Our snow drifts on the lakefront have been calling my name — it doesn’t matter how old you are, snow drifts need snow tunnels.
There’s a child inside all of us, right?
Phoenie, our grandson, hasn’t been able to come to our place yet (he’s coming soon!) but I just couldn’t wait any longer. Every day, I look out the back window and sigh. I needed someone to help me dig snow tunnels… so I found two more-than-willing friends . . . and dig we did.
. . . from both ends of the tunnel.
A.J. finally broke through!
Here he comes!
Then Vicky and I started digging down . . .
. . . but we got bored and decided that sitting in a snow tunnel hole was the perfect photo op!
After going through six pairs of mittens and an hour’s worth of hard digging, we decided that tunneling through these drifts was NOT a one-day job. We agreed to meet up again this Thursday. No giving up — just time for some homemade muffins and hot chocolate.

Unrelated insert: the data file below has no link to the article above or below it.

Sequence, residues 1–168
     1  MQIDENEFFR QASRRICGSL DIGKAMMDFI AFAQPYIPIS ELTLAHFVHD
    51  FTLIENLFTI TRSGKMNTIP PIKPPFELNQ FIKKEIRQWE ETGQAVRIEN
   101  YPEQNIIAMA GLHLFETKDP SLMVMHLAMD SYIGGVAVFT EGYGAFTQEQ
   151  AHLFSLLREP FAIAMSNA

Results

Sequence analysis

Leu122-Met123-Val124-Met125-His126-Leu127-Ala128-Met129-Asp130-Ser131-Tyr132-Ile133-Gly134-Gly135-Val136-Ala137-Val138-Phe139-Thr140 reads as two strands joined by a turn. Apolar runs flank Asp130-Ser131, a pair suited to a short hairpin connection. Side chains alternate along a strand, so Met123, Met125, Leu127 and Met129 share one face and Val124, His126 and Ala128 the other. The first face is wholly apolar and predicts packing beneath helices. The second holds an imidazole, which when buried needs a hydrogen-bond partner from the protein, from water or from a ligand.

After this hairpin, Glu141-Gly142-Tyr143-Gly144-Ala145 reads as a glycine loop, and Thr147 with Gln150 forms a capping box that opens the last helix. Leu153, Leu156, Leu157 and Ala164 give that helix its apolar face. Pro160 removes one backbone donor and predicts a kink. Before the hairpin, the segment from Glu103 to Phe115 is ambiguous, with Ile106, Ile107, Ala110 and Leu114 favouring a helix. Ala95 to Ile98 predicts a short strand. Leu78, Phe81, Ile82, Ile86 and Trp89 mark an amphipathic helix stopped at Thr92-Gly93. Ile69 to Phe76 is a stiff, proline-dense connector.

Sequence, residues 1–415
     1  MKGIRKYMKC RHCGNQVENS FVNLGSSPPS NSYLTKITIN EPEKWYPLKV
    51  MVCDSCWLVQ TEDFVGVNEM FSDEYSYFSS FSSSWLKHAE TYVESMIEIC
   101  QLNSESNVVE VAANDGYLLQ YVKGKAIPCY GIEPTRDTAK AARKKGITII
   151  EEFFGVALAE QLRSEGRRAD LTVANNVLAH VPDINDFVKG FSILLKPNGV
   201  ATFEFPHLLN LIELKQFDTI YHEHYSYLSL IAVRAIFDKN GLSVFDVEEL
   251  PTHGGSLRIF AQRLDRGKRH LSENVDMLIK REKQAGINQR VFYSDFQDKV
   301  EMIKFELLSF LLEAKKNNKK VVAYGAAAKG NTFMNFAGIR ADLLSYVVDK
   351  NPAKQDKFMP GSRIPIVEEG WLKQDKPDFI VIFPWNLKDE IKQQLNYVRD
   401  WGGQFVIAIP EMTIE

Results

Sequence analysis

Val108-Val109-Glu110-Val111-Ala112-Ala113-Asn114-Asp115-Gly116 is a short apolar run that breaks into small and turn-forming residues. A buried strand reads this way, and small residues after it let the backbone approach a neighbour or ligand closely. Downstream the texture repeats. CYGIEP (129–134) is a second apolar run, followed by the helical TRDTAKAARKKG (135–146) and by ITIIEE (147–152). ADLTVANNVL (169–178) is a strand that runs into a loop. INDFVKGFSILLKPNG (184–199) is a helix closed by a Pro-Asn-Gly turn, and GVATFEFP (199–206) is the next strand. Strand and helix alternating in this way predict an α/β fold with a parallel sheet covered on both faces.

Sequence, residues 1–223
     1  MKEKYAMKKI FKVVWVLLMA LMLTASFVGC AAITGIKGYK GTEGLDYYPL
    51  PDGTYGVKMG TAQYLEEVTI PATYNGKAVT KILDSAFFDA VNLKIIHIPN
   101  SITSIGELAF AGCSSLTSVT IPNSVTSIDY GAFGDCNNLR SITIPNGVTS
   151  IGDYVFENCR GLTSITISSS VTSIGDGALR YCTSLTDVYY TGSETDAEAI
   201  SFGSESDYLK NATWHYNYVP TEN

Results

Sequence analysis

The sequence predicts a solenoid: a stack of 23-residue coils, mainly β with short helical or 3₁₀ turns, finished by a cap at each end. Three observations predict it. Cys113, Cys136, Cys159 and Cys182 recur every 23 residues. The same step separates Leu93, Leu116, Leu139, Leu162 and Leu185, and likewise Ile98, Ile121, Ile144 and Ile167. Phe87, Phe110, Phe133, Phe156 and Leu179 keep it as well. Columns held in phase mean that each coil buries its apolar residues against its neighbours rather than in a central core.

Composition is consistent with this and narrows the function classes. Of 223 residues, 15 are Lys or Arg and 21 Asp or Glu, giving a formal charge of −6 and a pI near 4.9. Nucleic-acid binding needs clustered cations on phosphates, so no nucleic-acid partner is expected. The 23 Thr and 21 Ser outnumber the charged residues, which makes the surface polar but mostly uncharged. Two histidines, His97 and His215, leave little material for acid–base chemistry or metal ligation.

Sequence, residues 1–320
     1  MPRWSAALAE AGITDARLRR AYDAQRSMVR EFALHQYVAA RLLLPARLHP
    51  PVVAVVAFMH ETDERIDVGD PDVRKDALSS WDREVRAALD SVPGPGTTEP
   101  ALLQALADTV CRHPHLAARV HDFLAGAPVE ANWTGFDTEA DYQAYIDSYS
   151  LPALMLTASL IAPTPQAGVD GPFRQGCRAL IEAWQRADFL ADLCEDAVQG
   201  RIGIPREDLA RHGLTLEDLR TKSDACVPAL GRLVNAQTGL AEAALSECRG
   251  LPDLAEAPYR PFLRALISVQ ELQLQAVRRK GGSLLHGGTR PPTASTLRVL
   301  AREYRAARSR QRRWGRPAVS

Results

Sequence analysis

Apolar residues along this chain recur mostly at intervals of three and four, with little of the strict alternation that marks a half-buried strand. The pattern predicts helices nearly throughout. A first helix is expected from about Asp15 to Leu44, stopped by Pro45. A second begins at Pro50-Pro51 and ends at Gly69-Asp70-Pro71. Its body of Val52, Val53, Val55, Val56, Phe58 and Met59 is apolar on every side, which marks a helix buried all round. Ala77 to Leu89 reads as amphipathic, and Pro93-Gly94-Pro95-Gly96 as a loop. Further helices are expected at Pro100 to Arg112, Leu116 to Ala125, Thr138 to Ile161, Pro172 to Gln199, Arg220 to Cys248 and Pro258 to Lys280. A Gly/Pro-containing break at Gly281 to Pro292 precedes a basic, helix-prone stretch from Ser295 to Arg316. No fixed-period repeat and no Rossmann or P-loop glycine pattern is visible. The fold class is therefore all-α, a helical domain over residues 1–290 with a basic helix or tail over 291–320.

We even got some “official” tutoring in when A.J. drew out the plan for future digging.
I say, “official” tutoring because I believe that every young person needs to experience the world beyond the classroom as an essential part of learning and personal development, whatever his/her age, ability or circumstances.
It’s so important to encourage children to play and explore. It was awesome to watch A.J. planning, digging and working hard. When his head finally broke through the snow drift, it was pure victory for him — such an accomplishment — and his whole being was smiling.
Benjamin Franklin once said, “Tell me and I forget. Teach me and I remember. Involve me and I learn.”
Thanks, A.J. and Vicky for playing with me. I had a great time!
The true sign of intelligence is not knowledge but imagination. Albert Einstein